For a year that started off with concerns about another euro crisis and a triple dip recession in the UK, developed equity markets performed strongly in 2013.
The performances shown above hide several factors which could be important in 2014:
- Another poor year for the commodity-based multinationals was one major reason why the UK stock market failed to keep pace with the US. There is little expectation of a commodities rebound in 2014.
- The more UK-centric businesses again did much better, witness the performance of the FTSE 250, which measures the 250 companies below the top 100 – about 15% of the UK stockmarket. The FTSE 250 gained 28.8% in 2013, which explains why the broader FTSE All-Share Index repeated its 2012 out-performance of the more widely quoted FTSE 100.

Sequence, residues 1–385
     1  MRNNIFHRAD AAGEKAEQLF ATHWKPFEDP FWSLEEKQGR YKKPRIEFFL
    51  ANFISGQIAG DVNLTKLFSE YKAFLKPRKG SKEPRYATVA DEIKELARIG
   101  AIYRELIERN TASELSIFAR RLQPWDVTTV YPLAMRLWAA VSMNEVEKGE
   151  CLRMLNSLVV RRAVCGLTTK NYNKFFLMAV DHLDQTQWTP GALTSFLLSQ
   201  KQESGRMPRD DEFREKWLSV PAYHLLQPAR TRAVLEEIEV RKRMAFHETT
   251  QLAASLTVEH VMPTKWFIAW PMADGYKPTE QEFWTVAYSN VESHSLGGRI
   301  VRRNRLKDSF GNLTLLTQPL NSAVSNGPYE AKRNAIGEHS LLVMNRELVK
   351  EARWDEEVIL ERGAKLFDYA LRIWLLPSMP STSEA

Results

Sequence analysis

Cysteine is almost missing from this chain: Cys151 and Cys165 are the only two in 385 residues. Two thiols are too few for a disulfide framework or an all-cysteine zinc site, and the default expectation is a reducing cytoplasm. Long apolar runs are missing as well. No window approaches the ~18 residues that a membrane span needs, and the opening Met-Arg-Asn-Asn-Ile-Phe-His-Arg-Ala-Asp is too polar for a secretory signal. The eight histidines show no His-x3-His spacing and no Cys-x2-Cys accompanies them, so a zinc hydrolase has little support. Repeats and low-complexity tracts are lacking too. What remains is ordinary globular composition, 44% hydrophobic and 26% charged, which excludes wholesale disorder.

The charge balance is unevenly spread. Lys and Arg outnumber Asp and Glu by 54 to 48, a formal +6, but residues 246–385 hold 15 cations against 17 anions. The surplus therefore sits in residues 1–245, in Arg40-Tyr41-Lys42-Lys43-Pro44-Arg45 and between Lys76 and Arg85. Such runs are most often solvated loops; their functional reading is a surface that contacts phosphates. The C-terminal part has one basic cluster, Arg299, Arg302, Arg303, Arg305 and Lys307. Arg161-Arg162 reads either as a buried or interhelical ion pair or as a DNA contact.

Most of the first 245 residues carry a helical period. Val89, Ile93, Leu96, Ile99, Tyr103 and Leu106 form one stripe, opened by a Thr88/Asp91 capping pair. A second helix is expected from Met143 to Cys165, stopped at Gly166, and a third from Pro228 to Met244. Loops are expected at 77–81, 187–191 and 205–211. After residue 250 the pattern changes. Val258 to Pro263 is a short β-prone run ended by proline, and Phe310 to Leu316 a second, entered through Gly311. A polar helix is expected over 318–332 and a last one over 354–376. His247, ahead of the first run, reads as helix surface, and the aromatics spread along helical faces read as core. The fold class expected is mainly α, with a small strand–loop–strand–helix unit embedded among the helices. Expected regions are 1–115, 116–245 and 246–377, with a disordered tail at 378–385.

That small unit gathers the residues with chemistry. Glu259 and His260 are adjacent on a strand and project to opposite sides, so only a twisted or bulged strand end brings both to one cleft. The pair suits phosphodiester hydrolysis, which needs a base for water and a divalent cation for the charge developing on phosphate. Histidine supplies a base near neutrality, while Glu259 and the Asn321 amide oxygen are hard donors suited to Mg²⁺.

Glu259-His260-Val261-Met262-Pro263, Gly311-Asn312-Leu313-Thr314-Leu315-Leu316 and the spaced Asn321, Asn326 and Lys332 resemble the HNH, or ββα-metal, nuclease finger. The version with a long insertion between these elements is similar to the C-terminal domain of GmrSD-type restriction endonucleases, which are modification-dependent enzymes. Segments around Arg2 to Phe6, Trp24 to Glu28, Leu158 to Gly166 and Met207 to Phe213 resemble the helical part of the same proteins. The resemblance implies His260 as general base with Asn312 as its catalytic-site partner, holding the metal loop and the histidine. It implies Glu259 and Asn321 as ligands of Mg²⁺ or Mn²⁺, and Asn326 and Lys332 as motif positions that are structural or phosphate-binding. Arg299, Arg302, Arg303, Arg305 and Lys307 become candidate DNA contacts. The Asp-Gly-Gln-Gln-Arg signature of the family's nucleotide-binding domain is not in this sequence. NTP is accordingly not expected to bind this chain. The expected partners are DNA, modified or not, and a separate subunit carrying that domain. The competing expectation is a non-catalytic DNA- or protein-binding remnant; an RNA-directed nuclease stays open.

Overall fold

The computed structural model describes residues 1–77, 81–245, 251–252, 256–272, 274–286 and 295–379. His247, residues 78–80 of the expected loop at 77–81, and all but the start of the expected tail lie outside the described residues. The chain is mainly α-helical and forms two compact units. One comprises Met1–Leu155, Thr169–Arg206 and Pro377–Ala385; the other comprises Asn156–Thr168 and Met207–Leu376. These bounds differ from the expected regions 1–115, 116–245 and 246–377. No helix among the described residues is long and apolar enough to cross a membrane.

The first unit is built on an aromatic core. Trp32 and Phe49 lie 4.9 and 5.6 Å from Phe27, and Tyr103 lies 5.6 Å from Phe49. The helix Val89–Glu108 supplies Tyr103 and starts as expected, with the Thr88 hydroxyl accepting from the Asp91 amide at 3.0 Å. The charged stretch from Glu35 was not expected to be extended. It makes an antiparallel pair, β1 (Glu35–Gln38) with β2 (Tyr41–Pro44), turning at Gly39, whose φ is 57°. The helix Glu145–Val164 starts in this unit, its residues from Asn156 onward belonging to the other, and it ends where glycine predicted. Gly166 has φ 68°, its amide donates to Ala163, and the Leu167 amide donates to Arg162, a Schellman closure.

- Sterling had a good year, which reduced the returns for UK investors in many foreign markets. This was very noticeable in Japan, where sterling rose by 24.9% against the Yen. Even against the dollar the pound added 1.9%. There is now some concern that the strength of sterling will start to hit UK exports.
- Emerging markets had a generally disappointing year, witness the fall in the MSCI index. The US Federal Reserve’s plan for tapering QE (see below) worried investors in emerging markets, particularly those which rely on foreign capital inflows.
The value of your investment can go down as well as up and you may not get back the full amount you invested. Past performance is not a reliable indicator of future performance. Investing in shares should be regarded as a long-term investment and should fit in with your overall attitude to risk and financial circumstances.
10th January 2014